For fans of Falcom’s The Legend of Heroes series, Trails from Zero and Trails to Azure have had an almost mythic reputation. Collectively referred to as the Crossbell games, this duology has long been seen as perhaps the peak of the series, and the difficulty in obtaining and playing the games in English up until now has undoubtedly only increased players’ expectations. Last September, we finally got an official localization of Trails from Zero thanks to a collaboration between NIS America and fan translation group Geofront, and I was quite pleased to report that the wait had been worth it. Now, Trails to Azure is finally available as well, and this is the Crossbell game I was most excited about playing. Though not without its faults, Trails to Azure is one of the strongest entries in the series, and experiencing the highs of this game with a proper English localization has been incredibly enjoyable.
Trails to Azure is set a few months after the events of Trails from Zero and sees a newly expanded Special Support Section getting back into the swing of things after a short hiatus. The SSS is a household name now, beloved by the people and generally respected by both the Crossbell Police Department and the local Bracer guild, but that doesn’t mean they have it easy. Almost immediately, there are suspicious characters, mysterious monsters, and political machinations to deal with — and that’s just the first half of the game. In true Trails fashion, things start relatively slow and build to a fever pitch, with lots of huge twists in the second half of the game, some of which are hands down my favorite moments in the series. Having said that, Trails to Azure does hit the ground running a bit faster than its predecessor and has more mini-climaxes strewn throughout the story to keep the tension up.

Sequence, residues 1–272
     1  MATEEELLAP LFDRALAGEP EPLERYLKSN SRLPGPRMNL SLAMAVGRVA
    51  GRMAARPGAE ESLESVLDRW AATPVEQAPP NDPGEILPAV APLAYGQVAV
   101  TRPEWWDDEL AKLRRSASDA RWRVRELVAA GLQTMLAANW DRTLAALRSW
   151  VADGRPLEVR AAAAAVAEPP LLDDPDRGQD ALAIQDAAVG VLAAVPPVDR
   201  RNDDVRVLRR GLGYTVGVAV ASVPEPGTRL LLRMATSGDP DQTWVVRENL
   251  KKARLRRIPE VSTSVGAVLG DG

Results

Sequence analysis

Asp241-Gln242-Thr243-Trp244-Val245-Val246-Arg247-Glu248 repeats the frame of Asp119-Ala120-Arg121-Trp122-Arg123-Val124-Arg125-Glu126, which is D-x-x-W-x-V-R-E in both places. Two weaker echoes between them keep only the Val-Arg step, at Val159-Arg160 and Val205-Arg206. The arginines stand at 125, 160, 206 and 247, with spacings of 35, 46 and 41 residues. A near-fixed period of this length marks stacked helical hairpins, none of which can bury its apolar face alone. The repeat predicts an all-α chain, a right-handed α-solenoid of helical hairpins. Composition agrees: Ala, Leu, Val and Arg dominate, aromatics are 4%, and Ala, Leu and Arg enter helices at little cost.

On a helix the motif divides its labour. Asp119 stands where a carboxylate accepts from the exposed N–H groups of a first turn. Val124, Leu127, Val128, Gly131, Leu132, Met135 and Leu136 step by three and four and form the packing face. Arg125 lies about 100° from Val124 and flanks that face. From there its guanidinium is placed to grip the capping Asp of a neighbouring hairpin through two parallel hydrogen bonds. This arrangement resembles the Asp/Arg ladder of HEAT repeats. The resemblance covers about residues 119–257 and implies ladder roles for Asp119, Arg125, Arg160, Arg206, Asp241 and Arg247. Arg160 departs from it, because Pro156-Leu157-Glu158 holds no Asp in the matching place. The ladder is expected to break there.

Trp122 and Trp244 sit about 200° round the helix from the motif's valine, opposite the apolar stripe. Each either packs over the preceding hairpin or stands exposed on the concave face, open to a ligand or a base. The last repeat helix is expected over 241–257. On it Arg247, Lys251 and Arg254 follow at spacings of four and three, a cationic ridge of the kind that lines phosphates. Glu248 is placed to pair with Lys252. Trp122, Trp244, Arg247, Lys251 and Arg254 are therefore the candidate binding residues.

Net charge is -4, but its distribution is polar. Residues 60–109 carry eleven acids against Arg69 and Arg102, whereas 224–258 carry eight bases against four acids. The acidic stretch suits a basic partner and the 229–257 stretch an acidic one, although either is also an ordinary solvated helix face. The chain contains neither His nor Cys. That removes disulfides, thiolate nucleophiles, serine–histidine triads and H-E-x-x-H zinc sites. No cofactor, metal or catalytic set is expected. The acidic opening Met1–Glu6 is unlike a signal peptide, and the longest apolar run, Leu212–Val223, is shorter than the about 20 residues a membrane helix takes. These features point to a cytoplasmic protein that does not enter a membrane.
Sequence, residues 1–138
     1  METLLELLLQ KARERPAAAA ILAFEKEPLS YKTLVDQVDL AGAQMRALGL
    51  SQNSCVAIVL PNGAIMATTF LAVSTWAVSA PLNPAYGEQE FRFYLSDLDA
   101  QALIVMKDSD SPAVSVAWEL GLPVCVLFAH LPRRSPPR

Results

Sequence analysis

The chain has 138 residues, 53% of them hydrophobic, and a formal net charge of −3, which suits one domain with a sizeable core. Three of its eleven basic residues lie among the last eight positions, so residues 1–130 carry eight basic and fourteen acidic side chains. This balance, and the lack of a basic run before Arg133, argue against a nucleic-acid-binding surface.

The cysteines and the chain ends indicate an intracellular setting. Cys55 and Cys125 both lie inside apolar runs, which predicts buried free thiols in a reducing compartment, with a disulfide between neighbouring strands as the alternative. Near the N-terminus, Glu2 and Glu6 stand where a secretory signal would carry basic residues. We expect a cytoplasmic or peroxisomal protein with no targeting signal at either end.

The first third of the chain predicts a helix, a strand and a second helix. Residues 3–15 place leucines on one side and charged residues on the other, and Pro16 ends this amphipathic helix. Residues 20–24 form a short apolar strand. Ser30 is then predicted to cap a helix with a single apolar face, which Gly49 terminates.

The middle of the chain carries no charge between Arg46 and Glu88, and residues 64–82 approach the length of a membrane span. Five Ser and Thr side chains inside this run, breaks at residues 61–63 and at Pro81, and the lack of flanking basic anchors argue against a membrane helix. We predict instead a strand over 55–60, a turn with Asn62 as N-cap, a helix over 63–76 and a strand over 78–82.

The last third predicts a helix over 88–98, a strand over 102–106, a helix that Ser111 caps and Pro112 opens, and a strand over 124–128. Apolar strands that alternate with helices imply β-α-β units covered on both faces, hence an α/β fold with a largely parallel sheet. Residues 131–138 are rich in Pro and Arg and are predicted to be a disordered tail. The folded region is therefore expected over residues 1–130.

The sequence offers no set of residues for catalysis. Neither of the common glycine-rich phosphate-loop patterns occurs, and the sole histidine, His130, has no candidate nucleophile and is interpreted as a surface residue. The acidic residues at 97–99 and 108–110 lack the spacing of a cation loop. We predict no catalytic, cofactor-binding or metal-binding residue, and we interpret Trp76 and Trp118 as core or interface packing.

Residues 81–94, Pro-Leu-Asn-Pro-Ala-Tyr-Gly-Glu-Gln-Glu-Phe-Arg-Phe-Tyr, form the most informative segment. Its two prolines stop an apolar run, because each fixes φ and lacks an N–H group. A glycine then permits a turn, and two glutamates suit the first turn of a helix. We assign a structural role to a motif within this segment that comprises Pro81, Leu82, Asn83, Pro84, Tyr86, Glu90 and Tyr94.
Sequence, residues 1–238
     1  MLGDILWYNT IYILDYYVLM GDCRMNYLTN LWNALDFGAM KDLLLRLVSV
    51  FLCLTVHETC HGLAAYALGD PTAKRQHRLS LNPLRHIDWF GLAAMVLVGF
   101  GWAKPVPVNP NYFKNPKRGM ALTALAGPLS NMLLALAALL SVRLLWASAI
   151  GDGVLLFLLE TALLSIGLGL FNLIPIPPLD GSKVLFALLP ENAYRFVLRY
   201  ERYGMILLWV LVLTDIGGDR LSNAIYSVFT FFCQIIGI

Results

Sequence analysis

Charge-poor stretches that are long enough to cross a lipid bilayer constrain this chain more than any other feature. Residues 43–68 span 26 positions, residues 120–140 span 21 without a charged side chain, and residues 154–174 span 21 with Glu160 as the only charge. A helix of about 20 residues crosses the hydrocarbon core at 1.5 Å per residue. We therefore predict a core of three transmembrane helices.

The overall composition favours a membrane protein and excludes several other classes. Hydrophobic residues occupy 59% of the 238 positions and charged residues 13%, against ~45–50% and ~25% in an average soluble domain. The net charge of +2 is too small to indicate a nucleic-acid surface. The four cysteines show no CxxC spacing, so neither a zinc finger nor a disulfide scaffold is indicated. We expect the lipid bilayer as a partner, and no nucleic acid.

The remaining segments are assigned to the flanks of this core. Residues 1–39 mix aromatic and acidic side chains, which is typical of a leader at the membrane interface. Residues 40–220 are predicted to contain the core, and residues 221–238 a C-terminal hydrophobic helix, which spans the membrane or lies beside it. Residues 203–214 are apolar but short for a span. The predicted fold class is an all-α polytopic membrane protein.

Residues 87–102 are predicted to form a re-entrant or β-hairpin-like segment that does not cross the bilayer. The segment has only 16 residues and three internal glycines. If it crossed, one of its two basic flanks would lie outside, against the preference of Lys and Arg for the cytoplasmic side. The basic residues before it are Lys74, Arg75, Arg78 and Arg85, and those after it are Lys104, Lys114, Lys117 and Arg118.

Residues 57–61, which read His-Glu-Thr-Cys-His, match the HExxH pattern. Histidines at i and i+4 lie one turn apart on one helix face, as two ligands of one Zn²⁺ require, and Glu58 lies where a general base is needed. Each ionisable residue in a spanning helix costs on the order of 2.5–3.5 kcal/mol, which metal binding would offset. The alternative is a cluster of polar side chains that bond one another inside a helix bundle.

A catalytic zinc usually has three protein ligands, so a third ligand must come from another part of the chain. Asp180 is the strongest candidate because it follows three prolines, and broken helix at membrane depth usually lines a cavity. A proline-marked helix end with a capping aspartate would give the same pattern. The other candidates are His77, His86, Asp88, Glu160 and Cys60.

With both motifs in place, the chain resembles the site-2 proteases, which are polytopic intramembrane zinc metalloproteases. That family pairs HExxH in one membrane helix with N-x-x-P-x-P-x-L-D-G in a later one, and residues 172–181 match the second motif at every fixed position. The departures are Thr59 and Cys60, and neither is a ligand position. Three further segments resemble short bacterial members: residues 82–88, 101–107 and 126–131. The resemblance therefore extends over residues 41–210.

That’s not to say that the pacing is perfect. An intermission chapter, for instance, serves almost no purpose other than to squeeze in the bathhouse — or in this case, beachfront — hijinks that Falcom just can’t help repeating over and over. And the final chapter is an absolute slog: it’s entirely too long and sends you all over Crossbell and through a ton of bosses. And that’s before the final dungeon, which is quite long and boss-filled in its own right. However, the finale has so many great moments that it’s easy to forgive the game overstaying its welcome a bit.
Characters have always been one of the Trails series’ biggest strengths, and Trails from Zero was quite exceptional in that its playable cast was so small — just four characters for most of the game. Trails to Azure increases that number to six with the addition of two familiar faces: Noel Seeker, a Crossbell Guardian Force sergeant, and Wazy Hemisphere, the mysterious leader of a downtown gang of miscreants. Even with the larger core cast, the game still does a great job of keeping things balanced, giving every character plenty of development without making the script feel bloated.